Once someone adopts a perspective or mindset, it’s tough to shake. In many associations, the chapter/National relationship had degenerated into an “us vs. them” pattern. How can you shift the thinking of senior management, department heads, and other staff so they see chapters as an opportunity to be leveraged, not a situation to tolerate? How can you help them understand the valuable role chapters play in the association experience?
In our last post, we shared strategies for bringing the chapter value discussion into the association C-suite so you can get the resources you need to improve the membership experience and the chapter/National relationship. Now, let’s focus on how you can shift the chapter mindset throughout the rest of your building.
Build a reputation and relationships
Spend time with executives, senior staff, and department heads so you can get a better understanding of organizational and departmental goals and strategies. How do components fit into the picture? How can components help the association and departments reach their goals?
Learn about the concerns and challenges facing senior management. Find out what makes their job tough. How can you (and “your” chapters) make their job easier? Can you provide useful data, information, ideas, or perspectives?
Become known as the chapter expert, the staffer who has insight about the average member. What can you share of your chapter knowledge that will help staff around the building?
Be frank, trustworthy, accessible, and transparent
Be known as a straight shooter.
You tell association and chapter staff and leaders what they need to hear which won’t always be what they want to hear. You don’t deal with personal drama or historical grudges. You’re focused on improving the member experience and that means improving the chapter/National relationship.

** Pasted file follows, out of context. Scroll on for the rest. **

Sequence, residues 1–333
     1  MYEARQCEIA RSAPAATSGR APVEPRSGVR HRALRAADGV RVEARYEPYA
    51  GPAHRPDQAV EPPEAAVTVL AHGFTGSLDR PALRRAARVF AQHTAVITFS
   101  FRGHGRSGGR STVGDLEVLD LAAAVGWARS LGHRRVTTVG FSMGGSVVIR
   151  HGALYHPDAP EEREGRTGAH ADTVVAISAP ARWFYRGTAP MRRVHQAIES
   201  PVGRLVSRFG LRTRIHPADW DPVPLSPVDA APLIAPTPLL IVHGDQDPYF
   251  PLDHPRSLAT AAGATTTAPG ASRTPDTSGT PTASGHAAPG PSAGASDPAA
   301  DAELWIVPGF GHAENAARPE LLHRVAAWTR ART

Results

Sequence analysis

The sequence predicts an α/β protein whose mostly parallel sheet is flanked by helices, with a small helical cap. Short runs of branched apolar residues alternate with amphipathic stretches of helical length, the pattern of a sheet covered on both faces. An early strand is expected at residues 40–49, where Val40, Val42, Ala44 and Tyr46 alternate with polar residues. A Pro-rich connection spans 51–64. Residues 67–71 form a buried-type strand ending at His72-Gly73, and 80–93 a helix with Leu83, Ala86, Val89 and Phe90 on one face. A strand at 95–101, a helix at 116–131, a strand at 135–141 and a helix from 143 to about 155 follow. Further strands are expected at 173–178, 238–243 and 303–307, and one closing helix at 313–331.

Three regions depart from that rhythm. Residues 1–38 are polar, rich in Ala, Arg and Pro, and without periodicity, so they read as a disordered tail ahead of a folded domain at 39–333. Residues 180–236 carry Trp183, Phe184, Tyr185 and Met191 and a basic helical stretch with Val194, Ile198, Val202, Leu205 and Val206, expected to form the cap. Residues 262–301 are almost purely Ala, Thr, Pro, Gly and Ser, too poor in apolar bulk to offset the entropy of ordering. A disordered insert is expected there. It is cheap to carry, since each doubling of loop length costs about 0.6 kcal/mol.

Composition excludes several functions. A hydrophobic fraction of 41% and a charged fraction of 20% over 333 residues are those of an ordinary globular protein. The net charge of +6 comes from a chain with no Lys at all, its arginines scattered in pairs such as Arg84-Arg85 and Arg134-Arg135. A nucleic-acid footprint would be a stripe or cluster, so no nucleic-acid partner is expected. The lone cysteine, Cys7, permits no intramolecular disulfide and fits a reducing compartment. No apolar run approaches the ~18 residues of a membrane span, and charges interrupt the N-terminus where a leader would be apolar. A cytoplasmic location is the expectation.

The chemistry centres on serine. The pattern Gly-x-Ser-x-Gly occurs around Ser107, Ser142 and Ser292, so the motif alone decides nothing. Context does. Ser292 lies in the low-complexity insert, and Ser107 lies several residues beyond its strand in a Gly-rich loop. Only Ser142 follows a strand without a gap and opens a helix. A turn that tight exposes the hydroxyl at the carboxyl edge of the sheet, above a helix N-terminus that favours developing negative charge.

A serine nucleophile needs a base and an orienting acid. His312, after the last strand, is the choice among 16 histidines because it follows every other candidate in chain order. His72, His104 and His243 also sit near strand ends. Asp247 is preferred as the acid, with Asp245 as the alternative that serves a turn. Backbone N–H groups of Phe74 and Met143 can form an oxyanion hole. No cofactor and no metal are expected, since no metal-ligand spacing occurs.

Relationships are based on trust.
Association leaders and staff must see you as a team player who’s driven to achieve association goals, not as a chapter yes-person. Chapter leaders must believe you’re an objective supporter and resource who believes in their value. You must have both sides’ trust and belief in your integrity. Otherwise, you’ll have trouble getting cooperation from both sides.
Keep communication open with both groups.
Make yourself available. Be a good listener and withhold judgement until you’re sure you’ve heard the whole story.
Explain how and why decisions are made. Clear up misinformation and misperceptions. Transparency is necessary to eliminate the “us vs. them” mindset so often seen between associations and their components.
Collect and share strategically valuable information
You have access to valuable chapter and member intelligence. Take advantage of your relationship with chapter leaders and the access it provides you to the diverse range of member types and perspectives. With your connections, you can tap into the needs and interests of a variety of chapters, leaders, and members.
Analyze what you learn. Identify emerging issues, trends and strategic opportunities for your association. Look for places where National and chapters can align and collaborate to achieve mutual goals.
As a component relations professional, you are a liaison between your association and its chapters. Like an ambassador, you must explain one mysterious culture to another. You can also play a huge role in aligning the interests of National and its chapters, changing relationship dynamics, and spreading the chapter value message throughout your association.